* Third-quarter growth seen at 1.9 percent annual rate
* Consumer spending to account for bulk of gain
* Housing supportive, business spending and trade drags
* Growth pace still too sluggish to lower unemployment
By Lucia Mutikani
WASHINGTON, Oct 26 U.S. economic growth likely
picked up a bit in the third quarter as a last minute burst in
consumer spending offset cutbacks in investment by cautious
The stronger pace of expansion, however, is still expected
to fall short of what is needed to make much of a dent in
unemployment, and will offer little cheer for the White House
ahead of the closely contested Nov. 6 presidential election.
Gross domestic product probably expanded at a 1.9 percent
annual rate, according to a Reuters survey of economists,
accelerating from the second quarter's 1.3 percent pace. A pace
in excess of 2.5 percent would be needed over several quarters
to make substantial headway cutting the jobless rate.
"Two percent growth is still significantly weaker than what
would be necessary to make and sustain a successful transition
to a more self-sustaining recovery," said Millan Mulraine,
senior economist at TD Securities in New York.
The Commerce Department will release the third-quarter GDP
report at 8:30 a.m. (1230 GMT) on Friday, a little more than a
week before the election in which President Barack Obama is
trying to fend off Republican challenger Mitt Romney.
Since climbing out of the 2007-09 recession, the economy
faced a series of headwinds from high gasoline prices to the
debt turmoil in Europe and, lately, fears of U.S. government
austerity. It has struggled to exceed a 2 percent growth pace
and remains about 4.5 million jobs short of where it stood when
the downturn started.
Consumers appear, however, to have largely shrugged off the
impending sharp cuts in government spending and higher taxes,
which are due at the start of the year absent congressional
action. Indeed, they went on a bit of a shopping spree as the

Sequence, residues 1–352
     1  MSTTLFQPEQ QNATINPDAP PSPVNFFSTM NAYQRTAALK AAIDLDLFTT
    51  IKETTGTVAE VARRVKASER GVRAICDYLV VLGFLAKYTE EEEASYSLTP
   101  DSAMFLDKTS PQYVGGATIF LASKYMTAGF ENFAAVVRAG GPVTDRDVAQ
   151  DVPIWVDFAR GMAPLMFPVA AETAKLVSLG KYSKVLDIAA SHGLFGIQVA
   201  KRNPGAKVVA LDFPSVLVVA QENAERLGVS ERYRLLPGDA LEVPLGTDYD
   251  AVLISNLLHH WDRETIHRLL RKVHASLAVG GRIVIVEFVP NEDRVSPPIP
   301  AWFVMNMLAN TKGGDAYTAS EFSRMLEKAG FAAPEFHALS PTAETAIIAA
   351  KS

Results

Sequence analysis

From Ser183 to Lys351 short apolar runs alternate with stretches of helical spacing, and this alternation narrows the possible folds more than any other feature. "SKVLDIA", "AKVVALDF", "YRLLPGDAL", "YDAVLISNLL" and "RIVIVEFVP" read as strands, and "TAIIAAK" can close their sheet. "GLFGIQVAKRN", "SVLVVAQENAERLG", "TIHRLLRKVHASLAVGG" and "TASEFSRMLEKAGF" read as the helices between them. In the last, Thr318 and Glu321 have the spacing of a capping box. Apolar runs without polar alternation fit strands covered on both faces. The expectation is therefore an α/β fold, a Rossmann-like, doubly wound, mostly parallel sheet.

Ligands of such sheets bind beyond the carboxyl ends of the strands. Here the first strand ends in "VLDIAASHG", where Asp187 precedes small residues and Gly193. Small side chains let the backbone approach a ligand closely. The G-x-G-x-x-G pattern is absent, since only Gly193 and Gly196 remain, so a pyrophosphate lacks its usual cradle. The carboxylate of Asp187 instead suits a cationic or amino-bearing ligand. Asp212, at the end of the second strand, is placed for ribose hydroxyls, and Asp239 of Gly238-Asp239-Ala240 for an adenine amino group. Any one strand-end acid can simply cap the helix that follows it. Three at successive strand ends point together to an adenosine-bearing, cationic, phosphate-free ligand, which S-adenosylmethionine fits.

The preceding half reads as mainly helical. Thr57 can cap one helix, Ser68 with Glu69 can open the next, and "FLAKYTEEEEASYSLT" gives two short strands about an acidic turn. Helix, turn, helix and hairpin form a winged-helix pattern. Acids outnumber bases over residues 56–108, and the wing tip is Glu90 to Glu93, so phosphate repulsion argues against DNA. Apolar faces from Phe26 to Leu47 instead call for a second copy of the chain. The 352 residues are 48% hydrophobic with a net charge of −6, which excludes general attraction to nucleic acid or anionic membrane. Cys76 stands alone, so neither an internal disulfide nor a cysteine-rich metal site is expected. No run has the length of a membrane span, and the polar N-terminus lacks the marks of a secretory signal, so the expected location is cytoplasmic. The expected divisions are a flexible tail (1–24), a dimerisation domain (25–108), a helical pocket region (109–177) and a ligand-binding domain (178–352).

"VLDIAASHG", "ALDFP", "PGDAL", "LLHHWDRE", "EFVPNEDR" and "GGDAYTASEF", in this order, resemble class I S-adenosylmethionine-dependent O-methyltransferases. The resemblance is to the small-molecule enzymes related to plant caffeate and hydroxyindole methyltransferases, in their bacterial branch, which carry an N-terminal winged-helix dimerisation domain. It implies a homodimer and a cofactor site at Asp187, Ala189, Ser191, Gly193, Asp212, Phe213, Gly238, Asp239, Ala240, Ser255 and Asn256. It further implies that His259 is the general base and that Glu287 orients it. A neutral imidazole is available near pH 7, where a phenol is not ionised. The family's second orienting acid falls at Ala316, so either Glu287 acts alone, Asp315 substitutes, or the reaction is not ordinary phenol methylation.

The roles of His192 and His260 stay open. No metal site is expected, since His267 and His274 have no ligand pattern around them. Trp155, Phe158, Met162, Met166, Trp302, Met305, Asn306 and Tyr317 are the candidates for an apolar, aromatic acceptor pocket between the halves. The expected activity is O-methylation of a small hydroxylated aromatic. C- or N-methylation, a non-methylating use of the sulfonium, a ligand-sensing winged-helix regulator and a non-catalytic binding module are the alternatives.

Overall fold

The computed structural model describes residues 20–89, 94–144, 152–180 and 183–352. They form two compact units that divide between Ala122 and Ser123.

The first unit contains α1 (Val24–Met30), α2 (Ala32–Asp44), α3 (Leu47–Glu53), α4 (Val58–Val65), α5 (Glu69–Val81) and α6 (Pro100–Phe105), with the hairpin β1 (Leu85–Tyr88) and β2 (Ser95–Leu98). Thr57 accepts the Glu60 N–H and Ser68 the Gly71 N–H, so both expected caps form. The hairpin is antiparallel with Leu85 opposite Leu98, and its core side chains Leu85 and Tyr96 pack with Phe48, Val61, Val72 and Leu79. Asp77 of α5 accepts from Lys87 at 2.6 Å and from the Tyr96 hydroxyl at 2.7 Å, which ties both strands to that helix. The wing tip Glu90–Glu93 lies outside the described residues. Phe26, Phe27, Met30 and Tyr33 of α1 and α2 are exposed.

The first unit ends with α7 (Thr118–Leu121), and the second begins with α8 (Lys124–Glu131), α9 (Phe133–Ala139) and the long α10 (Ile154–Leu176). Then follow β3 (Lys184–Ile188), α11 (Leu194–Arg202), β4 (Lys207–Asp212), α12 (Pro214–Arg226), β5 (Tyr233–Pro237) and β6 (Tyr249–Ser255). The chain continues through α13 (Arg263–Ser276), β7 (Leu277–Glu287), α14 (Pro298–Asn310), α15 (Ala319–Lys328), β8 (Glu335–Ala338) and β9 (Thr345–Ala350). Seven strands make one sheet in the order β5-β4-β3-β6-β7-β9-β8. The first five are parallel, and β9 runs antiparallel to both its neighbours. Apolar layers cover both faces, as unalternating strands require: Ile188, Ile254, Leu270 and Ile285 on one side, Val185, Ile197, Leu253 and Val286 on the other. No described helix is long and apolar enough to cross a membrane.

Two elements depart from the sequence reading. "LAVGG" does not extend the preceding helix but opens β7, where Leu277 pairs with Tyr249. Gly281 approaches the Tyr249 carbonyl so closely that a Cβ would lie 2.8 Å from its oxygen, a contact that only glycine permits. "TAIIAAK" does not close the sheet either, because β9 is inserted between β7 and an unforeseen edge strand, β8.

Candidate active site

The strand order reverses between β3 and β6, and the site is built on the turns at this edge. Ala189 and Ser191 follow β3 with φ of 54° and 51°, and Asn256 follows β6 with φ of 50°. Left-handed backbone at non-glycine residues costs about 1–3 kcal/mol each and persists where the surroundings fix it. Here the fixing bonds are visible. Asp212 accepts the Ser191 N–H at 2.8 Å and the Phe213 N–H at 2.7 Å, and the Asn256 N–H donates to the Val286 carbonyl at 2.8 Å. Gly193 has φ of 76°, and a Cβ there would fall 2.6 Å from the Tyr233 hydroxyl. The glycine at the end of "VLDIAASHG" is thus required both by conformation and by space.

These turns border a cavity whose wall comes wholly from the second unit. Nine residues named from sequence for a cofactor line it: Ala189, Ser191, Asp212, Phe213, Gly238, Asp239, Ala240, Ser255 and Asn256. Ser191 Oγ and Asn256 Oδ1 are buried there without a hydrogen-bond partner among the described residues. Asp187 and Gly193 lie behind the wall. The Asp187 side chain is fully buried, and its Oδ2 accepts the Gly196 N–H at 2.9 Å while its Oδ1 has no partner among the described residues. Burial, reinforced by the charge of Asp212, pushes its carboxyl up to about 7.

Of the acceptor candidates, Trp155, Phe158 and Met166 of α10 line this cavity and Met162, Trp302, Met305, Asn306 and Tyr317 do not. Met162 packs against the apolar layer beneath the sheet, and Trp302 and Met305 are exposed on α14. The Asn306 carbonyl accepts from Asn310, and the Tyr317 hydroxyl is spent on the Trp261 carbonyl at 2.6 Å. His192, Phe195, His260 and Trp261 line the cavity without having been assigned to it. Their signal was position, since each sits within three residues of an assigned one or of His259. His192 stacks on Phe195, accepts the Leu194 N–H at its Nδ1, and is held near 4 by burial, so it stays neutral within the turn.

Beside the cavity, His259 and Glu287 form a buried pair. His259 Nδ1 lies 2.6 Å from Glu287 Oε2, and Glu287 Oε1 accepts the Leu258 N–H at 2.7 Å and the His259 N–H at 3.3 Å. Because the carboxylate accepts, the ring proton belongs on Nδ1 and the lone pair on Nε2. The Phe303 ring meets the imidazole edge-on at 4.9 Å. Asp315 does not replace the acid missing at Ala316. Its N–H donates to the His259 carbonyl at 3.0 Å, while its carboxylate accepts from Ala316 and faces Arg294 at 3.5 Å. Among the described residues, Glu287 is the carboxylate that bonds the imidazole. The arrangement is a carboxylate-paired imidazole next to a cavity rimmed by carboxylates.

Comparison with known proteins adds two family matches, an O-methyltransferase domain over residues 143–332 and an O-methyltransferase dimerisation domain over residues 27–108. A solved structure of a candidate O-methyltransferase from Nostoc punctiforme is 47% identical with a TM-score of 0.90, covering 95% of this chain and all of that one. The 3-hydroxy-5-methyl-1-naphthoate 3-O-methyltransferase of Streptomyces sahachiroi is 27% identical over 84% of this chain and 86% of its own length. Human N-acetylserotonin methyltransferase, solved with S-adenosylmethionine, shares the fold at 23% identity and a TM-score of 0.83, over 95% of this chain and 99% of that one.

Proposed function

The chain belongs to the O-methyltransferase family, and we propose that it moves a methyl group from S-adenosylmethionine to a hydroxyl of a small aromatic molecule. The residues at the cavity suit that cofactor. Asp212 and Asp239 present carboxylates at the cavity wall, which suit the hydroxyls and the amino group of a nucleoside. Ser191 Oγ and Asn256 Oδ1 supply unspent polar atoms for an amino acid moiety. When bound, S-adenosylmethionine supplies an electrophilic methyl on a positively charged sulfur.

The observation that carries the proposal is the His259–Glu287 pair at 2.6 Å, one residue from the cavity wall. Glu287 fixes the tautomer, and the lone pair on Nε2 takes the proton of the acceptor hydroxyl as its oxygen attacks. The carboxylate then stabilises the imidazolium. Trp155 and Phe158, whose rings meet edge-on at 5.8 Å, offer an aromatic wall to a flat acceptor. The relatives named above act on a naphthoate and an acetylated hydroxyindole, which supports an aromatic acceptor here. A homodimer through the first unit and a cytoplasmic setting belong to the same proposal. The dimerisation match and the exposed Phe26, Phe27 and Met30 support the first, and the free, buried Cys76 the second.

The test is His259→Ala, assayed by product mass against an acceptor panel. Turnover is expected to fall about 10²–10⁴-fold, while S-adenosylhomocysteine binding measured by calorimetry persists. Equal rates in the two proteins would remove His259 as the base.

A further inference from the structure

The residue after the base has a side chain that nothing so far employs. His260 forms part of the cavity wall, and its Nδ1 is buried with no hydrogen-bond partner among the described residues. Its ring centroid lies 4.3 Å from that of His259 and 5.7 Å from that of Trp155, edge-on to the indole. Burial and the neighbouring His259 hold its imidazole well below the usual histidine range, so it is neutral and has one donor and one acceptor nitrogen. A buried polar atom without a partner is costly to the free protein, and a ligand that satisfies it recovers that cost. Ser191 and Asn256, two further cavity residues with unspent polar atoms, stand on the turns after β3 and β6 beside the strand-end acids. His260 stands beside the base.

quarter wound down, buying a range of goods -- including
automobiles and Apple Inc's iPhone 5.
Consumer spending, which accounts for about 70 percent of
U.S. economic activity, is expected to have grown at a rate of
at least 2 percent in the third quarter after increasing at a
1.5 percent pace in the prior period.
CAUTIOUS ON SPENDING
High stock prices and firming house values have made
households a bit more willing to take on new debt, supporting
consumer spending. A mild increase in wages has also helped.
But with about 23 million Americans either out of work or
underemployed, there are fears the current pace of spending will
not be sustained, especially if gasoline prices maintain their
recent upward march and families get a higher tax bill in 2013.
"We remain cautious on consumer spending as real disposable
income growth remains weak and we could see some pullback over
concerns on the fiscal cliff and potentially higher tax rates
next year," said Sam Bullard, a senior economist at Wells Fargo
Securities in Charlotte, North Carolina.
The so-called fiscal cliff refers to automatic tax hikes and
government spending cuts that will drain about $600 billion out
of the economy next year absent congressional action.
Fiscal cliff fears have already hammered business spending,
which is expected to have contracted in the third quarter for
the first time since the first three months of 2011.
Much of the drag in business investment, which had been a
source of strength for the economy, is expected to come from
weak outlays on equipment and software.
Spending on nonresidential structures is also expected to
have contracted after five straight quarters of growth.
In contrast, home building is expected to have posted
double-digit growth, thanks in large part to the Federal
Reserve's ultra accommodative monetary policy stance, which has
driven mortgage rates to record lows.
Inventories could also be a source of growth in the
third-quarter, but they are a bit of a wild card.
A drought in the country's Midwest has decimated grain and
corn crops. In the second quarter, the drought reduced farm
inventories. But nonfarm businesses might have been reluctant to
add to much to their stocks given the uncertain domestic
Government spending is expected to have been a drag on
growth for a ninth straight quarter.
In addition, slowing global demand, particularly weakness in
Europe and China, probably undercut U.S. exports. That likely
left a trade deficit that weighed on GDP growth.